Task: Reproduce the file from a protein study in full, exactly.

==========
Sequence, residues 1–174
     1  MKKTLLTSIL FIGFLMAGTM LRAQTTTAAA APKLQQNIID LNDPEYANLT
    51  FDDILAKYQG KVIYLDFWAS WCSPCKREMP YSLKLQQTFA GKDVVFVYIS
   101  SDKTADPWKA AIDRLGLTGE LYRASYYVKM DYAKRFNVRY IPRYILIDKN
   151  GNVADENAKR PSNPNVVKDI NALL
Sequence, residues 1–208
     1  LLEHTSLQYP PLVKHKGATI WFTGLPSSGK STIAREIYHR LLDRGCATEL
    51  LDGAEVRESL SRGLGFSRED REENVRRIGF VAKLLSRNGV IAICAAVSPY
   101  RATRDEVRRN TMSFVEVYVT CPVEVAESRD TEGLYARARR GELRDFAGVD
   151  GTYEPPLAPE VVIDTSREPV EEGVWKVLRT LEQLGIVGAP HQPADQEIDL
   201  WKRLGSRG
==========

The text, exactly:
Sequence, residues 1–174
     1  MKKTLLTSIL FIGFLMAGTM LRAQTTTAAA APKLQQNIID LNDPEYANLT
    51  FDDILAKYQG KVIYLDFWAS WCSPCKREMP YSLKLQQTFA GKDVVFVYIS
   101  SDKTADPWKA AIDRLGLTGE LYRASYYVKM DYAKRFNVRY IPRYILIDKN
   151  GNVADENAKR PSNPNVVKDI NALL
Sequence, residues 1–208
     1  LLEHTSLQYP PLVKHKGATI WFTGLPSSGK STIAREIYHR LLDRGCATEL
    51  LDGAEVRESL SRGLGFSRED REENVRRIGF VAKLLSRNGV IAICAAVSPY
   101  RATRDEVRRN TMSFVEVYVT CPVEVAESRD TEGLYARARR GELRDFAGVD
   151  GTYEPPLAPE VVIDTSREPV EEGVWKVLRT LEQLGIVGAP HQPADQEIDL
   201  WKRLGSRG